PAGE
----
Texas Coast Wind Generation Sites Pose Severe Threat to Migratory and Resident Birds

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The Coastal Habitat Alliance, Inc. (CHA) today released the results of a scientific review of two proposed wind energy generation projects for Kenedy County, Texas. According to the results of the analysis that was conducted by EDM International, Inc. using methodologies developed by the U.S. Fish and Wildlife Service, these projects pose a severe threat to migratory and resident birds and bats.

The proposed Kenedy County Wind Projects, totaling 1,200 MW, are unprecedented along the Gulf Coast and the operation of these proposed projects could result in the largest and most significant avian mortality event in the history of wind energy. The associated negative repercussions to the expanding wind industry both in the U.S and the internationally could be significant as well.

The Coastal Habitat Alliance, Inc. (CHA) today released the results of a scientific review of two proposed wind energy generation projects for Kenedy County, Texas. According to the results of the analysis that was conducted by EDM International, Inc. using methodologies developed by the U.S. Fish and Wildlife Service, these projects pose a severe threat to migratory and resident birds and bats. In fact, in terms of potential harm to migratory birds, the sites were determined to be almost as sensitive as a nationally renowned National Wildlife Refuge established for bird protection.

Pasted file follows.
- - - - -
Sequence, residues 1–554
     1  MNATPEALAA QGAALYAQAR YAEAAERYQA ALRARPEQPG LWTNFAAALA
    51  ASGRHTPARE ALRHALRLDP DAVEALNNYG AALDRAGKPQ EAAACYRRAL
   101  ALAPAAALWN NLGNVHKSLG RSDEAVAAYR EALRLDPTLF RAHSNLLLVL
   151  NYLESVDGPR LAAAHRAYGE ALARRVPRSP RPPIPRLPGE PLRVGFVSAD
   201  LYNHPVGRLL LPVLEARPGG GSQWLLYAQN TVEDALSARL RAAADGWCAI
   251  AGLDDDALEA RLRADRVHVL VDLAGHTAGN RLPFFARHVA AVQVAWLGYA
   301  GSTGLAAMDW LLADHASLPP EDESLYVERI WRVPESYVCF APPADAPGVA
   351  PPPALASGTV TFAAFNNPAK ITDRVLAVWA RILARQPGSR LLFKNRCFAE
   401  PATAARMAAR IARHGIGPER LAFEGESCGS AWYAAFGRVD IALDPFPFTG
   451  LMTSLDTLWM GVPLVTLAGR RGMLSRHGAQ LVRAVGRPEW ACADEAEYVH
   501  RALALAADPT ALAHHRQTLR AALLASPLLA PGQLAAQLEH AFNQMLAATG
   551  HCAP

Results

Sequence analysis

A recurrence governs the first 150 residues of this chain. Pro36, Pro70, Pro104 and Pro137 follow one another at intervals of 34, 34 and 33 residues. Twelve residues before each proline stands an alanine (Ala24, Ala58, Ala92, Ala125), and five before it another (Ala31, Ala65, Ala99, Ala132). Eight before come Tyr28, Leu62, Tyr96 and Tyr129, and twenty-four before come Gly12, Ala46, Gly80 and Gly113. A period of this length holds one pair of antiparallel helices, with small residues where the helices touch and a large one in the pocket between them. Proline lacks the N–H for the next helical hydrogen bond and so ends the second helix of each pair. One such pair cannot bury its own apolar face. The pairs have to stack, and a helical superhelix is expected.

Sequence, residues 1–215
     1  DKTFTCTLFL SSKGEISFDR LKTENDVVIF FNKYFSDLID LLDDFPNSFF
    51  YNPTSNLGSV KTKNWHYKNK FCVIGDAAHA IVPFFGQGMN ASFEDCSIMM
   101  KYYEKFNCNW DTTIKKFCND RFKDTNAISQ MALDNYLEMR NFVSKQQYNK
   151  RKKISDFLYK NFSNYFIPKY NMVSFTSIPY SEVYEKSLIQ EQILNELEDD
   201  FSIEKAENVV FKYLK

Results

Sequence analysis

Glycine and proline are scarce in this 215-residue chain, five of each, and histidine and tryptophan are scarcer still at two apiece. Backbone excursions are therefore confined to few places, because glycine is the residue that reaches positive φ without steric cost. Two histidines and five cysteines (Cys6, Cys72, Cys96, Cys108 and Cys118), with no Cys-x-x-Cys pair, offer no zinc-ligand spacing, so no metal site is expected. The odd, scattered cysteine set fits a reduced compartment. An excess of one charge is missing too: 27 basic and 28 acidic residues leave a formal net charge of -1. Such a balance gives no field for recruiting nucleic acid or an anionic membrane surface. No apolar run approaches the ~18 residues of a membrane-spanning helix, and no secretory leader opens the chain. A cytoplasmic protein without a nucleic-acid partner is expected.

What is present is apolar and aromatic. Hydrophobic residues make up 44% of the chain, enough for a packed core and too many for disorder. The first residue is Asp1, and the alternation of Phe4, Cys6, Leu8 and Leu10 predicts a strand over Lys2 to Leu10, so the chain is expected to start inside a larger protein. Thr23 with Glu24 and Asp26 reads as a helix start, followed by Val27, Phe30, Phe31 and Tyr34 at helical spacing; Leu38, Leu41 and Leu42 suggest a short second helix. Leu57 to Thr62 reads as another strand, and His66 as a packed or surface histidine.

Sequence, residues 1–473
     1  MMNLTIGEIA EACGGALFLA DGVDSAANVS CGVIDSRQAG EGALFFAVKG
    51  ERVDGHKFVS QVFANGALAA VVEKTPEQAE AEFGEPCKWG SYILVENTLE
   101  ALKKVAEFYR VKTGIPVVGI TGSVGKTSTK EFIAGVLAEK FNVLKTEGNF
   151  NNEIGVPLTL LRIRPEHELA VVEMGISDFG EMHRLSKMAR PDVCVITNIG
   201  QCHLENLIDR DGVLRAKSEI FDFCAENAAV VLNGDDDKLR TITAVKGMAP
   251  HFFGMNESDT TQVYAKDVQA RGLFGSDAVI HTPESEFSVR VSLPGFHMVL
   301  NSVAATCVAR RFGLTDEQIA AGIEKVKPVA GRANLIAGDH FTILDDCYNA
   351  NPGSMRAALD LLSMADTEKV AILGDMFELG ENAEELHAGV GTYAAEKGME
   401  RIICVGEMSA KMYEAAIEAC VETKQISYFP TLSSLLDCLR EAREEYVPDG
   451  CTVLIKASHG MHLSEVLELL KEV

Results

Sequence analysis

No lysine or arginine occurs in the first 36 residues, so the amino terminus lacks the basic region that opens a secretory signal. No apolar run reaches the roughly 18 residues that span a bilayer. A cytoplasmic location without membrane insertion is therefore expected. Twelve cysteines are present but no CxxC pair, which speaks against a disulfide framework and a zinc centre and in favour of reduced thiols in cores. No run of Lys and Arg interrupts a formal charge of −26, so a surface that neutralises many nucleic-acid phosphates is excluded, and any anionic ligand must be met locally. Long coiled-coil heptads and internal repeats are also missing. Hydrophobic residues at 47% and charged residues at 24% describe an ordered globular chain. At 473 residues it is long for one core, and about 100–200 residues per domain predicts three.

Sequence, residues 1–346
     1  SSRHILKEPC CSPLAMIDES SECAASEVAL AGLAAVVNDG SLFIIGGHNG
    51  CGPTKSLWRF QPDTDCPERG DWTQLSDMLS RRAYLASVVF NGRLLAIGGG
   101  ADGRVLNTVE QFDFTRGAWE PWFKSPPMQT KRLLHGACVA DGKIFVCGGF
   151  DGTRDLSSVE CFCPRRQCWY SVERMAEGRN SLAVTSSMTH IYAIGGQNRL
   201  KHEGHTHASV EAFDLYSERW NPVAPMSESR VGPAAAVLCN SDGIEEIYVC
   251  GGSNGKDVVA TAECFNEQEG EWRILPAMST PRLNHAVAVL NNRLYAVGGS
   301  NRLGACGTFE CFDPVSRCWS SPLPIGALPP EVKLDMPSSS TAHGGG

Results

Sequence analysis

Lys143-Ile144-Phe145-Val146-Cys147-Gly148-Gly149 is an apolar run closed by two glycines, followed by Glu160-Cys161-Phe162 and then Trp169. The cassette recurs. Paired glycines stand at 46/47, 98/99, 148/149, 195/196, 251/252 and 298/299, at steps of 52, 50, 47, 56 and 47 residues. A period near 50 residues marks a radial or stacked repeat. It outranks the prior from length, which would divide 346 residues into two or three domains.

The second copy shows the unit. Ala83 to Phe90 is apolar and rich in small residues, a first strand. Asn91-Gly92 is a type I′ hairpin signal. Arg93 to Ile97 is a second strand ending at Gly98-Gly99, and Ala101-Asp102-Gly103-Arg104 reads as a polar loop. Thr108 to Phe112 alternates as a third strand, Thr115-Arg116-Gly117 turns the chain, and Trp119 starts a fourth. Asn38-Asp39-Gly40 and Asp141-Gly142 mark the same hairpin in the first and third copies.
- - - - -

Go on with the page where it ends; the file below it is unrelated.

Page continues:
"The proposed Kenedy County Wind Projects, totaling 1,200 MW, are unprecedented along the Gulf Coast and the operation of these proposed projects could result in the largest and most significant avian mortality event in the history of wind energy. The associated negative repercussions to the expanding wind industry both in the U.S and the internationally could be significant as well." EDM Report [pg. 51](emphasis added).

"This review clearly demonstrates that the Laguna Madre is a world-class bad site for wind energy generation," said environmental lawyer and CHA founder Jim Blackburn. "These projects should not be allowed to be constructed without public input and meaningful environmental analysis and review. They could literally destroy some of the most important assets of the coastal environment."

The Lower Texas Coast is among the most important bird migration corridors in North America. Despite this fact, Babcock & Brown (an Australian fund and asset management group) and PPM Energy (a subsidiary of Iberdrola's Scottish Power), are pursuing the construction of two separate industrial wind energy generation facilities along the Laguna Madre region of the South Texas Coast in Kenedy County. The projects would impact 60,000 acres and include 500+ turbines, approximately 400 feet tall, as tall as the Statue of Liberty.

In addition to evaluating the proposed sites using the U.S. Fish and Wildlife Service's 2003 Interim Siting Guidance on Avoiding and Minimizing Wildlife Impacts from Wind Turbines, EDM also reviewed the environmental reports prepared by PPM that purported to show little threat to birds from the project. EDM found numerous flaws with the studies, including using methods and approaches too limited to address the broad front of bird migration along the Texas Gulf Coast.